Mumbai: Anil Dhirubhai Ambani's Group (ADAG) firm Reliance Communications is looking at a complex marriage with its South African suitor MTN. Anil Ambani also seems to be ready to pay a ''significant premium'' to win effective boardroom control of MTN.
The the two companies are actually discussing a merger than an MTN takeover of Reliance Communications.
A report in The Economic Times said Reliance Communications is looking at the possibility of giving MTN a 74 per cent stake, as part of a cash-and-stock deal. Current Indian regulations limit foreign holding in Indian telecommunication companies to 74 per cent.
Anil Ambani's ADAG holds 66 per cent in Rcom, while another 11 per cent is held by overseas investors. A combined MTN-Rcom entity, would upset the order of the top 10 global telecommunication firms. MTN is valued at $35 billion, and Rcom at $27 billion.
The combined entity would rival Japan's NTT DoCoMo Inc in market value, and in terms of subscribers it would slip into the list just under Deutsche Telekom, at number seven. It would also make Anil Ambani the single largest shareholder in MTN, and make Rcom its subsidiary.
A day ago, the FT Alphaville website had carried a report indicating that Rcom would be inclined to pay ''a significant premium'' for control of MTN, listing out the two options for a possible deal as either a straightforward cash and shares bid for MTN from Rcom, or MTN retaining its South African nationality with Anil Ambani buying in 34.9 per cent of the company.
This would be accompanied by MTN buying in 51 per cent of Rcom from Ambani, along with a cash offer for 20 per cent of Rcom's publicly held shares.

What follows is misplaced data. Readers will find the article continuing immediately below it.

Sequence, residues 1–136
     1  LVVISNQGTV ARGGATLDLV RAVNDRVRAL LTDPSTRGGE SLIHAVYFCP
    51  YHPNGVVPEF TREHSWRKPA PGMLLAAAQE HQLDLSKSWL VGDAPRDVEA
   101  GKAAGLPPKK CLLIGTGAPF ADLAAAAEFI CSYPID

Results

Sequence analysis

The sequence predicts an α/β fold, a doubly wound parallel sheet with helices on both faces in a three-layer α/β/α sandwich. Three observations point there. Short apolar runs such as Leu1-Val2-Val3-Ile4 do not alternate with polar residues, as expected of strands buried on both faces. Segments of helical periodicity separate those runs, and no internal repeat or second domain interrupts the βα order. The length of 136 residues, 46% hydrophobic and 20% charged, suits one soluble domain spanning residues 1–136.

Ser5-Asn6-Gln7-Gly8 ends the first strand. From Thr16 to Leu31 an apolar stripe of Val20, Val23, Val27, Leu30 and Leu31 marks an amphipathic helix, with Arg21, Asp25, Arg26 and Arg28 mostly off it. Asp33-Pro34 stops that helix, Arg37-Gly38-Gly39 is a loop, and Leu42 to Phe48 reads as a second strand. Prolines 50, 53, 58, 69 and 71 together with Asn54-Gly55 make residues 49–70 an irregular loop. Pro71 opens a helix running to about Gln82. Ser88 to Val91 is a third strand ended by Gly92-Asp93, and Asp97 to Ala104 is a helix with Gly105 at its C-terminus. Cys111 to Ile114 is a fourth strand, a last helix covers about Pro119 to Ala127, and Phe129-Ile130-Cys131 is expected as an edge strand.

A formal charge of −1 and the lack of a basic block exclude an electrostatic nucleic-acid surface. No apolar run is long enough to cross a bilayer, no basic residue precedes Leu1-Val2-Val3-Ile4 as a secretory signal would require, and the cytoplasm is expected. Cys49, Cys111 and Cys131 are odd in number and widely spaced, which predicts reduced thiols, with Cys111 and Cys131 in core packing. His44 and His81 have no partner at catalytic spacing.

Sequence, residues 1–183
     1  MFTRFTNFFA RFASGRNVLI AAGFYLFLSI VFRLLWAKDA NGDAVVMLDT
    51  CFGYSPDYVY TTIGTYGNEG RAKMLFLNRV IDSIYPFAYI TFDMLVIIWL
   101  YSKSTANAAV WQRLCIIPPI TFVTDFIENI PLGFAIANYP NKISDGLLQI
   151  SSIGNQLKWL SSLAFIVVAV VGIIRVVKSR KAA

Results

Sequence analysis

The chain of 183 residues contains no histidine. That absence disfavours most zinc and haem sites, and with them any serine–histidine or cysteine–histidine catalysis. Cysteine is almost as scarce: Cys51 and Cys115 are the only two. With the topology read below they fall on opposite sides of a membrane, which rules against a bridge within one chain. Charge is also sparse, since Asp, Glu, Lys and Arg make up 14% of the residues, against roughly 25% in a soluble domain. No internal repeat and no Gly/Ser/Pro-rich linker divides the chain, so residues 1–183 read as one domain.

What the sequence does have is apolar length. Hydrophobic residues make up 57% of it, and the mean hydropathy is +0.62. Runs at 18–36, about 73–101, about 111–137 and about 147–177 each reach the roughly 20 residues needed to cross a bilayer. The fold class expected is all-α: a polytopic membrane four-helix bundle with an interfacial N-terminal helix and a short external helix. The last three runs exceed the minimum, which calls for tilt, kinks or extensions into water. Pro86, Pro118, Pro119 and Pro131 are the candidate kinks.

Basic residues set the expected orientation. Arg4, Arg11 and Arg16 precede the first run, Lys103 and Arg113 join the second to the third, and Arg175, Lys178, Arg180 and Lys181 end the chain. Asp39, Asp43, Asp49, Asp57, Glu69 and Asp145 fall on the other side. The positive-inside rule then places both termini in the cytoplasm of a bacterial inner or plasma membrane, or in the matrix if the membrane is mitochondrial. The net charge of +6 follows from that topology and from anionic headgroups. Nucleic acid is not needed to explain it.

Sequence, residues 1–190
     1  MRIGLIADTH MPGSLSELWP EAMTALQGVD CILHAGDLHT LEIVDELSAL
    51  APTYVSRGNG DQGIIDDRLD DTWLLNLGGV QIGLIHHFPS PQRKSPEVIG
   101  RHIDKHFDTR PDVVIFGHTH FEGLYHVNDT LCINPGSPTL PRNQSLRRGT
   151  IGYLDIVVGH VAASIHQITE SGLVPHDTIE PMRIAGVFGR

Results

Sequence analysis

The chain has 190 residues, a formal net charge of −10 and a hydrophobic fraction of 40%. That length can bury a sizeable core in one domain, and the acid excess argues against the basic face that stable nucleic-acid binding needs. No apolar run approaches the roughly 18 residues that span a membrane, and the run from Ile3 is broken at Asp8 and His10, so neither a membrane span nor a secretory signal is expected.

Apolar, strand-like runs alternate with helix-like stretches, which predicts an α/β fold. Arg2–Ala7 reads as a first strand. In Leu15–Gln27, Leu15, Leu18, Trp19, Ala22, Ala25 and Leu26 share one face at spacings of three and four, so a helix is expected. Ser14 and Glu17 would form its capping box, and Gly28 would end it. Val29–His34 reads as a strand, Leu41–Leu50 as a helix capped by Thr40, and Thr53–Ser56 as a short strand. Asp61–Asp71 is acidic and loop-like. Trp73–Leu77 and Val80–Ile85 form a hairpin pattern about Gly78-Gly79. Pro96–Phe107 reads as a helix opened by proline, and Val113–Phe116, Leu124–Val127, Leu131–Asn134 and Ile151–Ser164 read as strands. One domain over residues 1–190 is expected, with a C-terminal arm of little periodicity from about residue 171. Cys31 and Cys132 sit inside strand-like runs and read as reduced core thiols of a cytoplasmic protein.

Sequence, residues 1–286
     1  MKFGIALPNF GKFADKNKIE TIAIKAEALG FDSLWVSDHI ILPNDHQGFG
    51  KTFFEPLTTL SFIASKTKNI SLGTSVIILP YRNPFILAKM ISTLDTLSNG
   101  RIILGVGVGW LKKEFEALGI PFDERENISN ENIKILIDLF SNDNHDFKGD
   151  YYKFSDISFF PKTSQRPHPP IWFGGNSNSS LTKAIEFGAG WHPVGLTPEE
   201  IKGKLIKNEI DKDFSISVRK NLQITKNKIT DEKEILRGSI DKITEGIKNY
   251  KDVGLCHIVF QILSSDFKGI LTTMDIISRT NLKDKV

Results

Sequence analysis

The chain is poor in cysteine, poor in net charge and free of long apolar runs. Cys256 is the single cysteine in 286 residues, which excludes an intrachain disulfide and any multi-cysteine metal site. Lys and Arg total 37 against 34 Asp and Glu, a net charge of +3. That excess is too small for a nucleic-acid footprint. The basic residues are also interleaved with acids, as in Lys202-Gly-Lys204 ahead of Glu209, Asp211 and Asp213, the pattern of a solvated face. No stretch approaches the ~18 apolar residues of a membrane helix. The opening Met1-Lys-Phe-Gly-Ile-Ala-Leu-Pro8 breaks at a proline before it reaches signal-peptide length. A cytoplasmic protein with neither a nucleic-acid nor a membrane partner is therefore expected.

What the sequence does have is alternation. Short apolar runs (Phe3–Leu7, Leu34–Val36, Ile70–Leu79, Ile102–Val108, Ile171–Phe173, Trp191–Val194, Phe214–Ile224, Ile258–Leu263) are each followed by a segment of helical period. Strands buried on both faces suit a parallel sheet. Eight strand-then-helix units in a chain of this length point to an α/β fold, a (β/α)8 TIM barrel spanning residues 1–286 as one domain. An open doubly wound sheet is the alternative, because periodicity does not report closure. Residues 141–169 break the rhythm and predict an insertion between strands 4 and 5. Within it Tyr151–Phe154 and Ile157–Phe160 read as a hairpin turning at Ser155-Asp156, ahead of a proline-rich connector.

The other possible scenarios being mulled are the "what if" options where either domestic or foreign shareholders of Rcom do or do not subscribe to the open offer that would come along with the deal.
The SEBT takeover regulations stipulate that a foreign company acquiring 15 per cent in an Indian company would have to make an open offer for another 20 per cent. In this case, if the deal would have to be structured in a way that if minority shareholders of Rcom did not subscribe, the open offer would have to be filled out of ADAG's holdings.
Another scenairo is one where no existing foreign shareholders accept the open offer, but local investors do. That would take the total foreign ownership over the stipulated 74 per cent, in which case MTN would have to opt for a 43 per cent stake in Reliance Communications from ADAG's holdings to stay within the legal limit.
A third scenairo is that foreign shareholders would accept the offer, but local shareholders do not. In this case, ADAG would have to hand over 63 per cent of its stake in Rcom in exchange for MTN stock, allowing MTN to secure a 74 per cent stake in the bargain.
In all options, ADAG would swap anywhere between 43 and 63 per cent of its holdings in Reliance Communications, in exchange for 28 to 34 per cent in MTN. Conversely, Ambani will have to stay under the radar of the 35 per cent holding mark, above which he will have to make an open offer for MTN under South African law.